A Look Back in Time: The LACC’s Hope-Ware Collection
The Los Angeles Country Club’s success, mystique, and reverence has long been predicated on having one eye on the future and another on golf’s past.
Founded in 1897 — by an inaugural membership that included SCGA founding members Joseph Sartori and Ed Tufts — The LACC was the first club in L.A. County and is recognized as one of the most historic golf clubs west of Chicago.
For the future: Come the summer of 2023, The LACC’s North Course will be host site of the 123rd playing of the U.S. Open.
As for that storied past: It’s seen daily by club members via the Hope-Ware Collection, an assembly of rare and antique golf clubs and balls acquired by Mr. Sartori, who served as club president from 1912-1946.
According to Adrian Whited, club historian and a 50-year club member, “Mr. Sartori purchased the golf clubs and ball collections from a Mr. B.G. Ware in March of 1926. They were shipped from the Isle of Jersey, while subsequent correspondence from Ware came from Cornwall, England; he had inherited the collections from his father, who, in 1919, had received the collection as a gift from his friend H.W. Hope, who had created it. Thus, the original name was the Ware Collection, before the son requested it be called the Hope-Ware Collection, respecting the original source.”
The world-class collection includes approximately 105 historic golf clubs and 165 antique golf balls. At present, according to Whited, two-thirds of the clubs are on display in the LACC clubhouse, with the balance of the collection set to be shown in full at the conclusion of a clubhouse construction project, slated for early 2021.
Phoenix-based Jeff Ellis, a specialist in fine antique clubs and the author of The Clubmaker’s Art, has twice appraised the collection, first around the turn of the millennium and then again before an update in recent years; Ellis returned to the club in late 2019 to perform maintenance work prior to the complete display.
“In terms of collections held by a facility or a country club, the Hope-Ware is among the best; among the top three or four in the country, that’s for sure. It’s a truly great collection, a real treasure,” Ellis says. “I look at these clubs almost as works of art, as so many of them were made by hand. The respected craftsmen who put these together were very well-schooled at what they were doing, and the work made up a significant part of their income, as a lot of these golfers were also keepers of the green; they were like club professionals.”
Ellis’s assessment charts some particularly unique pieces.
“A lot of the clubs in the Hope-Ware were handmade by Open Championship winners, guys like Tom Morris, Willie Park, Jr. and Jamie Anderson. They’ve also got a Willie Dunn, Sr. club –he was one of Tom Morris’s big competitors, and they played in a lot of challenge games back in the 1860s; they’d have these matches with big backers behind them and would play for £400, winner take all, over 12 rounds of golf, six home and six away. And Dunn’s clubs are quite rare, so that’s a very special part of the collection.” A grassed driver and a long spoon from the collection further grab Ellis’s enthusiasm.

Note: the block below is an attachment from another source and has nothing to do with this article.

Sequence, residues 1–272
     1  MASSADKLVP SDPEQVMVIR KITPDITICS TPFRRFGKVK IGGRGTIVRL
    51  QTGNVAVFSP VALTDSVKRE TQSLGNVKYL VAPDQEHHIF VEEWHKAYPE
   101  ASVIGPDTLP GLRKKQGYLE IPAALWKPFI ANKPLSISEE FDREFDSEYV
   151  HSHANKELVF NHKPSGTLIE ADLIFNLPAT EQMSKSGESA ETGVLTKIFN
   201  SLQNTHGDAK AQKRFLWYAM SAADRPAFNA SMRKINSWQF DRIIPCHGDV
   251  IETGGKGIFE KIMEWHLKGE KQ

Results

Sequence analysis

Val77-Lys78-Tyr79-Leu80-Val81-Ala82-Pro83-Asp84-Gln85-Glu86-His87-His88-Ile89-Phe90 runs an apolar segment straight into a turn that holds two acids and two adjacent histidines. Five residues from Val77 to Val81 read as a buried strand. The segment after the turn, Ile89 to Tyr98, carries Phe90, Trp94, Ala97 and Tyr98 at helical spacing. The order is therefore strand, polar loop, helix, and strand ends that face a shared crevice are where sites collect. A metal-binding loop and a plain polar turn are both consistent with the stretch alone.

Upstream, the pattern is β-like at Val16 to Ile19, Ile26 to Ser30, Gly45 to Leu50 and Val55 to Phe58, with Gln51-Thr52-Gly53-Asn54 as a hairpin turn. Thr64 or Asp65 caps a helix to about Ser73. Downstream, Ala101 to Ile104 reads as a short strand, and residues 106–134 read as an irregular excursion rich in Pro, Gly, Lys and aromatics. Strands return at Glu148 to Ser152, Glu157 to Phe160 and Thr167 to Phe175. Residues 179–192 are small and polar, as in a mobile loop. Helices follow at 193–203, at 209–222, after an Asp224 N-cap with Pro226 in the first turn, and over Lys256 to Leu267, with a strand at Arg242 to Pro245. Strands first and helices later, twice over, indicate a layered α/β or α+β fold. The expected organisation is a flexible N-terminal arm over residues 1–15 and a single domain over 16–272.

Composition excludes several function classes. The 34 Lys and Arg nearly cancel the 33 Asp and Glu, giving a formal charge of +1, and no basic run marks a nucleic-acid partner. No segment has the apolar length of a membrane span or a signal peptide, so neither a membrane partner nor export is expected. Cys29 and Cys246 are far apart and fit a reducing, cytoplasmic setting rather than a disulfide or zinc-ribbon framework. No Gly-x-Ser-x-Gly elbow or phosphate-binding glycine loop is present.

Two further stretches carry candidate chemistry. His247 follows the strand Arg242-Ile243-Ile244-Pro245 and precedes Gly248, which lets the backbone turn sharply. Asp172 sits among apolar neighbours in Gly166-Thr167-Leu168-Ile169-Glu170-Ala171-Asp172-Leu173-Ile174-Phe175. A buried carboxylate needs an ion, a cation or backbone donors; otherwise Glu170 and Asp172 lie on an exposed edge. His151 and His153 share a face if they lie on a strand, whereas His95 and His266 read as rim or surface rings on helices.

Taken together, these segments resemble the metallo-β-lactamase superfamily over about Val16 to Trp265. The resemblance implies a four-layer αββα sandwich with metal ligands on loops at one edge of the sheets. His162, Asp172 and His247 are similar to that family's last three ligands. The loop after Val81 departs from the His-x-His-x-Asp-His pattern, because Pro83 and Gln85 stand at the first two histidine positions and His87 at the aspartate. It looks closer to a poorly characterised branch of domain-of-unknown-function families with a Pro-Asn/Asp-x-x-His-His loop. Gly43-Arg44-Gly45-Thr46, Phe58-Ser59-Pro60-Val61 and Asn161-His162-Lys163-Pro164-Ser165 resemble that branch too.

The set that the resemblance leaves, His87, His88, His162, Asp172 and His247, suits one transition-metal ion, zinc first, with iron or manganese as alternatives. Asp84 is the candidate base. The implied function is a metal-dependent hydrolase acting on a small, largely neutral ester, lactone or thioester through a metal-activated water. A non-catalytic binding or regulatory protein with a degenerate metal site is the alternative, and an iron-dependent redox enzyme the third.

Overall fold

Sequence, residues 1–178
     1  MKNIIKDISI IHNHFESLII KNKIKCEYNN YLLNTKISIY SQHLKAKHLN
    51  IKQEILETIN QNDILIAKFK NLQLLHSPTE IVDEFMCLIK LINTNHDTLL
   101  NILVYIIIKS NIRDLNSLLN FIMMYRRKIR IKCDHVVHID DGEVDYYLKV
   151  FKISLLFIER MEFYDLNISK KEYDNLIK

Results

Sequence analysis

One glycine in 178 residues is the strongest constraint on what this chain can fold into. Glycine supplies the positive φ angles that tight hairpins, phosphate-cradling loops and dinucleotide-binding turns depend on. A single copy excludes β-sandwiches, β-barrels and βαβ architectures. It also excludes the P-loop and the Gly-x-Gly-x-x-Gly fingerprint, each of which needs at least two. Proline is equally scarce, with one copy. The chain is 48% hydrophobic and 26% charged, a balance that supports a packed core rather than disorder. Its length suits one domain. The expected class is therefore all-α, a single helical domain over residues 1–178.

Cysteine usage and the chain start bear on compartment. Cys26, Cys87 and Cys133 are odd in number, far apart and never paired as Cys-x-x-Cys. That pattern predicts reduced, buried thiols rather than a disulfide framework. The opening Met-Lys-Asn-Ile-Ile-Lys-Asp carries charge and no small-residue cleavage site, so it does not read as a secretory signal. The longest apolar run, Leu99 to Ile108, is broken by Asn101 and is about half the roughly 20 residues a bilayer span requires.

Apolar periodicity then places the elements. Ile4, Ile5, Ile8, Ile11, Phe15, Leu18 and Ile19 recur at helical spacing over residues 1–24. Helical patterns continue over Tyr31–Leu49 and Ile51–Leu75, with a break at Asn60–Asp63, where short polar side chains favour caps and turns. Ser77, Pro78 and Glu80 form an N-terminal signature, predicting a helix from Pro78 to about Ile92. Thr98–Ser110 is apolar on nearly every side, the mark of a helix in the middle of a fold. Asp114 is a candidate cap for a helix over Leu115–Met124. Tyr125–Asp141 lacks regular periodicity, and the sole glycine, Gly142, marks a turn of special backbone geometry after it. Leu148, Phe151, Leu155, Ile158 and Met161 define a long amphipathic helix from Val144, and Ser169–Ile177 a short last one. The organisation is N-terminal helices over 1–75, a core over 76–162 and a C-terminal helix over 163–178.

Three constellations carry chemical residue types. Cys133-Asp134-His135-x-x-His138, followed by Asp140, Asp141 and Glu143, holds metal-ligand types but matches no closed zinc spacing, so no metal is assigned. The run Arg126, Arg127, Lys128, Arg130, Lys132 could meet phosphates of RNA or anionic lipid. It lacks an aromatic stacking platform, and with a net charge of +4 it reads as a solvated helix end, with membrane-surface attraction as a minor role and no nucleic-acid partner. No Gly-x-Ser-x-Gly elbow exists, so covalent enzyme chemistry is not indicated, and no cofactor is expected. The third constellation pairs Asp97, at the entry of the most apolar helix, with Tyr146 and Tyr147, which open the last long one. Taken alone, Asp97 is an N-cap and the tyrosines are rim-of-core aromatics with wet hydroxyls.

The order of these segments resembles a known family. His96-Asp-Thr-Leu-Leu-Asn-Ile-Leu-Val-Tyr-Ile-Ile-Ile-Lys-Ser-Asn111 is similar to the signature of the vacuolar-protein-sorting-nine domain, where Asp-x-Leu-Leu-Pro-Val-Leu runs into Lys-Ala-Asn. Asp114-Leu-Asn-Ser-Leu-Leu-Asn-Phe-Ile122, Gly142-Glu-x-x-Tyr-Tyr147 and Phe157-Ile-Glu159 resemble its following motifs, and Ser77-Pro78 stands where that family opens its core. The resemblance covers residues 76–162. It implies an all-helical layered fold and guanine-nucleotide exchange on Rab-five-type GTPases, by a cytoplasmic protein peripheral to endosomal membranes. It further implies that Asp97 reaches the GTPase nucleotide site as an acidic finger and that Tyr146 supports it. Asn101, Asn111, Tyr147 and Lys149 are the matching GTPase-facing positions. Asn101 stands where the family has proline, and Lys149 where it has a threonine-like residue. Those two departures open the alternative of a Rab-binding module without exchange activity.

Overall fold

“They’ve got very nice examples of these clubs by Hugh Philp; he was considered the Stradivarius of clubmakers,” adds Ellis. “He was the clubmaker to The Royal and Ancient Golf Club of St Andrews (then the Society of St Andrews Golfers) from 1819 until 1856.”
As for the short game?
“They have an iron putter in the collection, circa 1810, which is very rare,” Ellis says. “You just don’t find many of those because golfers of that era, and all the way through around 1890, putted with wood-head putters; that was just the standard for most.”
“THESE CLUBS ARE A WINDOW INTO HISTORY, A LOOK BACK IN TIME TO SEE HOW MUCH PRIDE WENT INTO THE WORK. YOU WISH THESE CLUBS COULD TALK AND TELL YOU ABOUT THE MATCHES THAT WERE PLAYED, THE SHOTS THEY HIT.”
Whited adds that the antique balls in the collection were numbered at about 220 before a British golf ball expert refined the ball collection to around 165 late last year, removing some that were either too damaged or not suited. The balls date from the early 1800s through the early 1900s.
“The balls are a wonderful part of the collection, a terrific companion piece, and they’ve got a great cross-section of early golf balls, from feathery to early gutta-percha balls,” Ellis details. “And they’ve got an Allan Robertson ball in there; among his accomplishments, Robertson was the first person to ever break 80 on the Old Course at St Andrews, when he shot a 79 in 1858. He was also a prolific maker of feathery balls, marking them with his ‘Allan’ stamp.”
Like the LACC membership, Ellis sees the Hope-Ware Collection as vivid, swinging history.
“The beauty of the collection is that when people look at these clubs, they can see how passionate these golfers were about their craft and the game,” Ellis says. “It’s not like collecting an autograph or something; these are objects that they had their hands on. These clubs are a window into history, a look back in time at how much pride went into this kind of work. You wish these clubs could talk and tell you about the matches that were played, the shots they hit.”